…If Monday’s black…

On this busy day, we start with a Separated at Birth sent in by a loyal reader:

State Senator, Dr. Bob Hilkemann (LD4 – Omaha) and eHarmony’s Neil Clark Warren!

Hilkemann - Warren - SAB 02

***

And otherwise, we will open up the comments section!

The Stock Market — buy low, right?
Trump — Flat Tax? Or is that “The Rich” pay more? Hmm.
Walker — Whither Anchor Babies?
The Iowa State Corn Kernel Poll results — Trump, Carson, Fiorina. Still better than an online poll?
Libraries — More visitors: OPL or Virtual?

***

This week’s market?
Tuesday, Wednesday heart attack
Thursday never looking back
It’s Friday I’m in love.

45 comments

  1. Sparkles says:

    “The birther movement — of which Donald Trump is one of the author’s of — is another politer way of saying the N-word. It’s just more sophisticated and a little bit more clever,”

    Documentary filmmaker Ken Burns in an appearance on Sunday’s ‘Face The Nation’

  2. Sparkles: only a coward posts anonymous personal attacks. Please don’t make me go to the trouble of outing you. I’m busy, and it’s too much work.

    Claiming Obama was not born in the US is rather foolish — there is, after all, a well-attested newspaper birth announcement — but it’s not the equivalent of calling him a nigger. And in the grand scheme of things, while electing a non-native-born son president might be unconstitutional, it’s not intrinsically wrong, or as bad as electing an incompetent. And the latter is the problem with Obama. He;’s Dunning Kruger incarnate; he’s too incompetent to know he’s incompetent. He, rather quaintly, thinks he’s usually the “smartest man in the room”. Foreign policy is in the toilet, the stock market is in the toilet, and dozens of things that desperately need to get done can’t get done because Obama hasn’t a clue how to move things through Congress.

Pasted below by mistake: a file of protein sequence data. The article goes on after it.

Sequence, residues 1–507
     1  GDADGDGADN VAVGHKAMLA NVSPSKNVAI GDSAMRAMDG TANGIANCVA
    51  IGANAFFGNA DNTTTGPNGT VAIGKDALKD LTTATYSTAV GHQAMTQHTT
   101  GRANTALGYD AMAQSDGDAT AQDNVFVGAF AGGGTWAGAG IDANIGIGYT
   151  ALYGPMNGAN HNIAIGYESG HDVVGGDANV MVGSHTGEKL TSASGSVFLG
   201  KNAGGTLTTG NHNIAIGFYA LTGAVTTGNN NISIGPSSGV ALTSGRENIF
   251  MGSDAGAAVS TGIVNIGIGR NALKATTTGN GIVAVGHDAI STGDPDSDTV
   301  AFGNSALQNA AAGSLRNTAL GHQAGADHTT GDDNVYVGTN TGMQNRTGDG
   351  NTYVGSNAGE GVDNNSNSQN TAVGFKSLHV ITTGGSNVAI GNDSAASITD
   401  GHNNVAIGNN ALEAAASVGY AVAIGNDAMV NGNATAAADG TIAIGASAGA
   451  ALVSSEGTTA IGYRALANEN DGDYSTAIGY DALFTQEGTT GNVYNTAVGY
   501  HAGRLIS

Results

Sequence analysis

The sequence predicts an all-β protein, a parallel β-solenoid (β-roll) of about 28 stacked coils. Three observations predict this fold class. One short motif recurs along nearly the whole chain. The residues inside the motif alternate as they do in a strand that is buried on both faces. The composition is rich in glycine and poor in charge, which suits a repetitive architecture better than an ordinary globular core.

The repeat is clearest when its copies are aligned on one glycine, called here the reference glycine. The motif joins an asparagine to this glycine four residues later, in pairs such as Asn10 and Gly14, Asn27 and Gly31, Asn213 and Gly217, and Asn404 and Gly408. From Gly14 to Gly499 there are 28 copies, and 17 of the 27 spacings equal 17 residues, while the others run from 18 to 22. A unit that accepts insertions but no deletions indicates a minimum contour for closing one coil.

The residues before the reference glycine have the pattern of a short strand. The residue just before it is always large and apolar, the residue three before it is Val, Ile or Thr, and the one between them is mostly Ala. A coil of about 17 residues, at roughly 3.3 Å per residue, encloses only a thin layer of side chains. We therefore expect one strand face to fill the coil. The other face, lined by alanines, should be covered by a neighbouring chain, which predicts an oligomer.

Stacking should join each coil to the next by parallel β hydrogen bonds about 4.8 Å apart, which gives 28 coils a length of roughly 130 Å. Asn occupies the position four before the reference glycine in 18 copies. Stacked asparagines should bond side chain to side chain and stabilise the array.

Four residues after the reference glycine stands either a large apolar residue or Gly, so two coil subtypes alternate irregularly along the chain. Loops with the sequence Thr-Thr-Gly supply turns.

This is not the first time the background of a president has been called into question, and therefore Burns’ was a stupid, inflammatory, and uninsightful comment to make. I personally am sick sore and tired of white liberals making the accusation that any criticism of Obama is motivated by racism. It’s a symptom of their intellectual bankruptcy.

  3. Anonymous says:

    I’m tired of people denying that some criticism of Obama is motivated by racism. And for a lame duck president, he’s gotten quite a bit done lately. You may not agree with what he’s got done, but that’s your problem. Facts indicate Obama has a few more skills than you are willing to attribute to him.

  4. The Grundle King says:

    Very, very few would deny that SOME criticism of Obama is motivated by racism…after all, the vast majority of us are aware that the KKK still exists, and they don’t tend to be very complimentary of blacks…so of course some criticism is based on race.